Zantac’s Cancer Risks Were Concealed For Over 4 Decades
In 1978, Glaxo Laboratories developed a molecule called ranitidine, which could treat heartburn. Soon after the U.S. Food and Drug Administration (FDA) approved the drug under the brand name Zantac, ranitidine rapidly became the world’s top-selling prescription medication. From the beginning to the end, Glaxo was warned by independent investigators and scientists about Zantac’s potential cancer risks. Glaxo failed to share critical evaluations of the drug with the FDA and endorsed erroneous research intended to minimize safety concerns. The company launched an aggressive marketing campaign to promote Zantac as more effective, more convenient, and safer than the alternative drug Tagamet. With Americans already spending roughly a billion dollars annually for heartburn relief, Glaxo introduced a 75mg over-the-counter Zantac pill.
While considerable evidence and suspicions indicated Zantac’s cancer-causing properties, documents show Glaxo ignored the warnings. Connected to cancer as early as 1956, NDMA belongs to a group of chemicals called nitrosamines, which have caused cancer in every species of animal tested. A prominent pharmaceutical analyst suggested that under certain conditions in the stomach, a chemical reaction could turn ranitidine into NDMA. However, Glaxo’s board never requested any studies to determine if ranitidine could form into nitrosamine. Even after several independent studies revealed ranitidine resulted in toxic and mutagenic effects, Glaxo still tried to convince everyone of the safety of their drug. In 1982, despite the company’s scientist Richard Tanner finding up to 232,000 nanograms of NDMA in Zantac, court documents show that Glaxo kept this study a secret.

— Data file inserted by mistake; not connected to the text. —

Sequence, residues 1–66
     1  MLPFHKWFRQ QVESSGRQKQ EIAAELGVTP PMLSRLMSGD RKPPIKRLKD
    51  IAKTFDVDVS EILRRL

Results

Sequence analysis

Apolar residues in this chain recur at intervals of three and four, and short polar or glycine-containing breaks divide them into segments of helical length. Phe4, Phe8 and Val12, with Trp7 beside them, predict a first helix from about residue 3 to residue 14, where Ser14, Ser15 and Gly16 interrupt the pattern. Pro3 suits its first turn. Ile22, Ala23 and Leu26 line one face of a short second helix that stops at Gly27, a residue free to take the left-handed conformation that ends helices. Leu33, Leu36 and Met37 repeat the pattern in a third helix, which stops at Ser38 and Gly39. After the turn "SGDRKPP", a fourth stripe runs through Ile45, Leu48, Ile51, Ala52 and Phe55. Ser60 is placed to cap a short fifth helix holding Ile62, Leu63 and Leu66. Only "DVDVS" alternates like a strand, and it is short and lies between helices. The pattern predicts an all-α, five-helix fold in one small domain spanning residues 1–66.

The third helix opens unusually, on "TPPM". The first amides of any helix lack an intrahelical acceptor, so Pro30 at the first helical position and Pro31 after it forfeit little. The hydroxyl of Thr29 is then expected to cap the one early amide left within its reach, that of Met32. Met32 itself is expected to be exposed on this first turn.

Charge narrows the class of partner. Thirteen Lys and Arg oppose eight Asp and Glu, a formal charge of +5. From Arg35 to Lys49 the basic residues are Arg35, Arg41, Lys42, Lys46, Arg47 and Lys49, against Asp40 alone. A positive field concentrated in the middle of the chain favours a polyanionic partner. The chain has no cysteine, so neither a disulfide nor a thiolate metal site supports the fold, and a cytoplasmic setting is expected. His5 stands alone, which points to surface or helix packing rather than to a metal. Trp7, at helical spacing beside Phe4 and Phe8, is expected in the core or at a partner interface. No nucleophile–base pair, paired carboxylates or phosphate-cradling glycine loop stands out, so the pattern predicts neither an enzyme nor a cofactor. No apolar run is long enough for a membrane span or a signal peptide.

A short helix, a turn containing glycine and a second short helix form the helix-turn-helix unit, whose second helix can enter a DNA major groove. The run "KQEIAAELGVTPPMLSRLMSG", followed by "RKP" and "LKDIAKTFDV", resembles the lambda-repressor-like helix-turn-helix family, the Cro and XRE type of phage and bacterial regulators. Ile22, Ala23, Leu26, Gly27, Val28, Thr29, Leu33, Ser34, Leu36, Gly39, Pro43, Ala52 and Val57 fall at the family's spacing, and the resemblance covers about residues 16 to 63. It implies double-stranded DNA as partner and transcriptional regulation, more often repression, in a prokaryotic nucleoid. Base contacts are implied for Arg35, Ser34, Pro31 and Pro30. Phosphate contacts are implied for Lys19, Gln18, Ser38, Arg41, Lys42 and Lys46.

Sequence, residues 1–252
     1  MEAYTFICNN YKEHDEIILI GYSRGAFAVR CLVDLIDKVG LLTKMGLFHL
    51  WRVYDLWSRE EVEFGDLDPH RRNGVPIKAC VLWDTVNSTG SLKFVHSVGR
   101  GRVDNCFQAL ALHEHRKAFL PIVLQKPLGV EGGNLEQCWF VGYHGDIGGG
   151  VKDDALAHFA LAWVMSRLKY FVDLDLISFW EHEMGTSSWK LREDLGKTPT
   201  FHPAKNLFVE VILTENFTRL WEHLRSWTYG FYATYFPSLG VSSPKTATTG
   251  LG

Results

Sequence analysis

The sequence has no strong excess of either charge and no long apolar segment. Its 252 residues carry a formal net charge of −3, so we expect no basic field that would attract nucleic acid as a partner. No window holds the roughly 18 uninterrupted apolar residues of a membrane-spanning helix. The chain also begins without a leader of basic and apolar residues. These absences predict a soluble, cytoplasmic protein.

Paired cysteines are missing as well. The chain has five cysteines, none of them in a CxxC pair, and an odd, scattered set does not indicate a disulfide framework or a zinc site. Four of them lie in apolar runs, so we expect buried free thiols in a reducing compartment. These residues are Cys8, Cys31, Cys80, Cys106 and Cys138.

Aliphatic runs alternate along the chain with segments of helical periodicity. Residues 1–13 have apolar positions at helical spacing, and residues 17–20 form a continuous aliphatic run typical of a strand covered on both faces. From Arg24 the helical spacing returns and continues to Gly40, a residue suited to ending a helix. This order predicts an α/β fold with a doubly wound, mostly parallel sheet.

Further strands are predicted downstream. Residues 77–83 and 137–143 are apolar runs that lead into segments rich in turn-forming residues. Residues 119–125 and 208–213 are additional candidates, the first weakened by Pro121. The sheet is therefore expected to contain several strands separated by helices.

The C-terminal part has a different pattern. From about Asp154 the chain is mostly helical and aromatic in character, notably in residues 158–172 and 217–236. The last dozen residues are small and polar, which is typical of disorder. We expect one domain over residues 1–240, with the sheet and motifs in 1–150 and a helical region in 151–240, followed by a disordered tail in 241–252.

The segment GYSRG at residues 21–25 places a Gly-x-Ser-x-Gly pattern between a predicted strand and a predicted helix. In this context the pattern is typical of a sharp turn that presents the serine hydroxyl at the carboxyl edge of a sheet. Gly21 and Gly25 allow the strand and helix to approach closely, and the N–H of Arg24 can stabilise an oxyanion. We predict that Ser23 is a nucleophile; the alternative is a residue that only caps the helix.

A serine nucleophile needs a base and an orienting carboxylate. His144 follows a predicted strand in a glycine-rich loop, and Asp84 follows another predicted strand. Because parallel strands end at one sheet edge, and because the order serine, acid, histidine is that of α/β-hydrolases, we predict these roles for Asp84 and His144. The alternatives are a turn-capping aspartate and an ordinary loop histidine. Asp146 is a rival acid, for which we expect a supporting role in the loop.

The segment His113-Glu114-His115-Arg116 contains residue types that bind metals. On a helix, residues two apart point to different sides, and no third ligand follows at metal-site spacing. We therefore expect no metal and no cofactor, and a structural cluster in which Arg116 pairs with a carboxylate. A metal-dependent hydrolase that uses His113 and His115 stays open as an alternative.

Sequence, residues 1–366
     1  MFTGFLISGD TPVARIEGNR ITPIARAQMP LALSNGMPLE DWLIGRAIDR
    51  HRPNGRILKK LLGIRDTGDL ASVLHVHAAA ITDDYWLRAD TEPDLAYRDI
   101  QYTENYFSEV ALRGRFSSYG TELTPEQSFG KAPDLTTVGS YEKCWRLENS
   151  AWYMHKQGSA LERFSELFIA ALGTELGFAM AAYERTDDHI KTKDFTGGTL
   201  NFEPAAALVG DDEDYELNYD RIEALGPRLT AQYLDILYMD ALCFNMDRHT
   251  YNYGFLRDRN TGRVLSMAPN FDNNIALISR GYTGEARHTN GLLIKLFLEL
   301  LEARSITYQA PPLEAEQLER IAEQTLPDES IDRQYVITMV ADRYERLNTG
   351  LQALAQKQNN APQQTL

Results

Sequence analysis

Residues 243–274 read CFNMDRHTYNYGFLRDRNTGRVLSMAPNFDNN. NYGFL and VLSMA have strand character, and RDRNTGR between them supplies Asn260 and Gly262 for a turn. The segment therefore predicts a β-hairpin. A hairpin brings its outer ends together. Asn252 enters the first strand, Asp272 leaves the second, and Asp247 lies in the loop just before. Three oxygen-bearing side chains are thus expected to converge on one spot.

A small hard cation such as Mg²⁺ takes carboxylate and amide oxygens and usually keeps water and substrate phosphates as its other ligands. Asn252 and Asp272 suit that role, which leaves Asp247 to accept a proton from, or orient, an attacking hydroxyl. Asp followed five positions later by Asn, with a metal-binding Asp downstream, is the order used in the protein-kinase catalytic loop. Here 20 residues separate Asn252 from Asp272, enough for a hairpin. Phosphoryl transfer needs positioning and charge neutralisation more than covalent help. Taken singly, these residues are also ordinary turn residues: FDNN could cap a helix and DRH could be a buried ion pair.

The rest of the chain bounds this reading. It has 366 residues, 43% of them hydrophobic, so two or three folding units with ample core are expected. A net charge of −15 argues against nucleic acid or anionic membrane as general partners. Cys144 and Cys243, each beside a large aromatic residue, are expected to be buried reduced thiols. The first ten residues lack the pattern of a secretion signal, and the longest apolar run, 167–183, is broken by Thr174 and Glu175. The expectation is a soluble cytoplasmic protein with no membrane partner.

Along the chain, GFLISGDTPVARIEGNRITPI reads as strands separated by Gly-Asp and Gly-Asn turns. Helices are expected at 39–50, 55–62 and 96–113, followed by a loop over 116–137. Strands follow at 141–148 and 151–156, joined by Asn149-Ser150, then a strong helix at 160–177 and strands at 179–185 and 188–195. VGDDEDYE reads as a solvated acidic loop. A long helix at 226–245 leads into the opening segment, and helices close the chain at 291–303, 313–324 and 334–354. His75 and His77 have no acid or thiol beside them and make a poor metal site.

In 2019, Valisure, a private lab, sent the FDA a document regarding Zantac’s extremely high levels of NDMA. After finding NDMA in every version of ranitidine it analyzed, the lab determined the problem inherently existed with the molecule itself. Although consuming minuscule amounts of the carcinogen is not believed to be harmful, lab tests uncovered excessive amounts of NDMA in ranitidine. It takes less than a milligram of NDMA to mutate mice cells, and 2 grams is enough to kill a person. Consequently, the FDA forced all versions of the drug off the market in 2020. However, the FDA maintained that there were no consistent signals that the drug increased cancer risks. Critics believe the FDA’s stance was an attempt to absolve the agency of wrongdoing.
Over 70,000 victims who took Zantac are suing the modern version of Glaxo, known as GSK Plc., and Pfizer Inc. and Sanofi, who also sold the drug. In December, US District Judge Robin Rosenberg dismissed thousands of federal claims because she believed there was no widespread acceptance of a significant connection between ranitidine and cancer. GSK still faces paying billions in damages because the company has to litigate tens of thousands of lawsuits in state courts where the federal court’s ruling does not bind judges. While public health agencies worldwide, from the World Health Organization to the Environmental Protection Agency, all agree NDMA likely causes cancer in humans, proving Zantac mutated a particular person’s cancerous cells is complicated.
Consult With An Expert Buffalo, New York, Dangerous Drug Attorney
If you, or a family member, have developed cancer after using Zantac, please contact Jed Dietrich, Esq. Our elite team would be honored to provide you with a free consultation. We are available 24/7 by dialing 716-839-3939 or completing our online consultation form.